- connecting people so they can turn to one another for help, perspective, and affirmation.
- reading material → set of motivational essays, talks, and interactive modules
[which] guide with decisions and review dilemmas common among the membership.
- monitoring & alerting → spotting emerging crises and responding with peer, social-service, and clinician support.
- modeled on Facebook
- Richard Klausner
- Paul Dagum
- Michael Friberg
- Palo Alto
- something about 2017-05, probably the date of the interview for the article
- Insel → expertise and connections in the mental-health field
- Klausner → business
- Dagum → data-analysis
<quote ref=”presser>Based in Palo Alto, California, Mindstrong’s patented science and technology was developed by Dr. Dagum, and is based on four years of extensive clinical studies applying machine intelligence to human-computer interactions patterns. Mindstrong products are in clinical trials in numerous partnership projects with payers, providers, academics and the pharmaceutical industry to bring these new tools to bear on answering the most fundamental questions in behavioral health. Its Board of Directors includes Richard Klausner, MD, Jim Tananbaum, MD, Robert Epstein, MD, Thomas Insel, MD, and Paul Dagum, MD PhD.</quote>
- Mindstrong does assessment.
- Mindstrong does “learning-based mental-health care.”
- Mindstrong does continuous assessment and feedback [which] would drive the interventions.
- Mindstrong does measurement-based practices [would be for] all therapies
<quote>Smartphones can track daily behaviors that reflect mental health. A phone can sense the beginning of a crisis and trigger an appropriate treatment response. This idea has been floating around Silicon Valley and mental-health circles for several years. Insel estimates that a good five or 10 other companies or research teams—including Verily—are trying to do something similar. Mindstrong hopes to gain an edge by combining Insel’s expertise and connections in the mental-health field with Klausner’s business experience and Dagum’s data-analysis tools and skills—and by moving quickly.</quote>
- 2018 & 2019 → testing phone-based data-collection-and-analysis systems,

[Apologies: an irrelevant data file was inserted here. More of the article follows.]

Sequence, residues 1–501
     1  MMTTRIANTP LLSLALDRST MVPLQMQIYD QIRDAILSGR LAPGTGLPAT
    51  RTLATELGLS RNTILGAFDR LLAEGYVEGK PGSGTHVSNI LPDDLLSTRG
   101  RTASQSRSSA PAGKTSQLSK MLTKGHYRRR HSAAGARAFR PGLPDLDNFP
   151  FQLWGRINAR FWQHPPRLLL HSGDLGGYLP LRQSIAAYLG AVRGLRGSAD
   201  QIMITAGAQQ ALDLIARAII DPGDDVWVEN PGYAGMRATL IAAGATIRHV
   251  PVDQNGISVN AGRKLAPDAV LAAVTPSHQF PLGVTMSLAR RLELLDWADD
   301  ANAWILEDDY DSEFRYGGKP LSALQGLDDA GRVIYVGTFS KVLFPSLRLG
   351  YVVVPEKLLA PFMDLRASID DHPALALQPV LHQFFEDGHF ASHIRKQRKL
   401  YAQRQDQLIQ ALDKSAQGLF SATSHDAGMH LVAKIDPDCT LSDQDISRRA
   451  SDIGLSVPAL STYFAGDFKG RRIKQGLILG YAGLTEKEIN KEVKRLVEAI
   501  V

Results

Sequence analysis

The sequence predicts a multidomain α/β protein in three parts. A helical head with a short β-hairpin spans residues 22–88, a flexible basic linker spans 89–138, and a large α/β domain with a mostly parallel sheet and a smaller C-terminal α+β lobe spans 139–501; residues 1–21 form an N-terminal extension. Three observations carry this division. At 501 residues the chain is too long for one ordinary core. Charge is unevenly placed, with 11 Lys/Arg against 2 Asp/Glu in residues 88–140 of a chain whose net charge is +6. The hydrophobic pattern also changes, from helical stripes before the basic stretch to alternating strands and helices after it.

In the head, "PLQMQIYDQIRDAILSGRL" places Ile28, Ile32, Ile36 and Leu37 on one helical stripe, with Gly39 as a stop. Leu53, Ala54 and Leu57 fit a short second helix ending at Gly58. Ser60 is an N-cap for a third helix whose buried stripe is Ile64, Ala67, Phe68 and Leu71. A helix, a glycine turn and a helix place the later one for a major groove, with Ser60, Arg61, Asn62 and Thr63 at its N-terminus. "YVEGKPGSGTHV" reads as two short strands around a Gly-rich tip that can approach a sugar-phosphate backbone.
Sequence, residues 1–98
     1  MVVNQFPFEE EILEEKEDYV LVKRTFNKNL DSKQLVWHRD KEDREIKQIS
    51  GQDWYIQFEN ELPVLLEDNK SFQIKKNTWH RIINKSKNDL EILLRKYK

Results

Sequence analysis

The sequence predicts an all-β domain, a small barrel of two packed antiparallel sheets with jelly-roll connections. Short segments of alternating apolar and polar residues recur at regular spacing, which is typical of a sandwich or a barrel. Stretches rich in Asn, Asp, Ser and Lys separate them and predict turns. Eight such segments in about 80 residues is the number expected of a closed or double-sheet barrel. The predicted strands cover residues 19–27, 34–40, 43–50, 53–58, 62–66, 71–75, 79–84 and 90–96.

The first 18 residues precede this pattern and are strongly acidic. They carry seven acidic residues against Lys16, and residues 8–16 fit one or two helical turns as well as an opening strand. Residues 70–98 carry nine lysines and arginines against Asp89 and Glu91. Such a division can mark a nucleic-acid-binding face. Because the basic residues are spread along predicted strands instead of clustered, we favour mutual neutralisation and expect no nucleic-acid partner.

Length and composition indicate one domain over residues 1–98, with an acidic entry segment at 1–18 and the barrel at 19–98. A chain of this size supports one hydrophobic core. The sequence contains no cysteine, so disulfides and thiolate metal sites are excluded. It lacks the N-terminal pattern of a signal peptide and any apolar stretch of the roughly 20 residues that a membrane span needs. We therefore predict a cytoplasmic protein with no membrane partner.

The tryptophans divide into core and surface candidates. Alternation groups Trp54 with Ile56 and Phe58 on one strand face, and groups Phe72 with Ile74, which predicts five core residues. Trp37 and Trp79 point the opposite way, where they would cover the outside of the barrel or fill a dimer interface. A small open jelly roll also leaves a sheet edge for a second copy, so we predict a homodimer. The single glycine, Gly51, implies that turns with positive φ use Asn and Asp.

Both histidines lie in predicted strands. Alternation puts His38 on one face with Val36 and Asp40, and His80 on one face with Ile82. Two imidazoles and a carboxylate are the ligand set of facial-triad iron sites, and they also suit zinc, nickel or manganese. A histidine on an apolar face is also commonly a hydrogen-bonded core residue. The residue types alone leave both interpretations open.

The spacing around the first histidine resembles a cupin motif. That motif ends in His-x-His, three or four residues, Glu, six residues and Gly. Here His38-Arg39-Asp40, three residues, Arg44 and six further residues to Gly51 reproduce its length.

- 2019 & 2020 → explore ways to partner with others to provide intervention.
three patents for a data-collection-and-analysis system for such purposes.
Paul Dagum designed this system [is a named inventor?]
- Mindstrong will collect information
- Mindstrong will use an opt-in
- Mindstrong will use encryption
<quote>all data will be strongly encrypted</quote>
- Mindstrong will use HIPPA<quote>All data will be firewalled according to strict patient-privacy practices.</quote>
- Mindstrong will only store metadata
- semantic structures
- repeated use of key words or phrases
- emotional state
- cognitive states,
- cognitive confusion.
- Andy Conrad, CEO
- <quote>a 500-person company (Verily>part of a 74,000-person company (Alphabet)
- South San Francisco
- Has an app.
- Another private venture.
- Glen Moriarty, CEO
- Insels daughter NAME is an employee.
- 90% are under the age of 35
- “likely to go underserved by traditional mental-health care.”
- Applies DASS‑21Anonymizes the results.
<quote>7 Cups provides text-based peer counseling and support for people with depression or anxiety or a long list of other conditions. Registering for the simpler services, such as peer connection, takes only seconds, and users can also get referrals to either coaches or licensed mental-health counselors and psychologists.</quote>
DASS-21 → Depression Anxiety Stress Scales
DASS, University of New South Wales, AU
There is a manual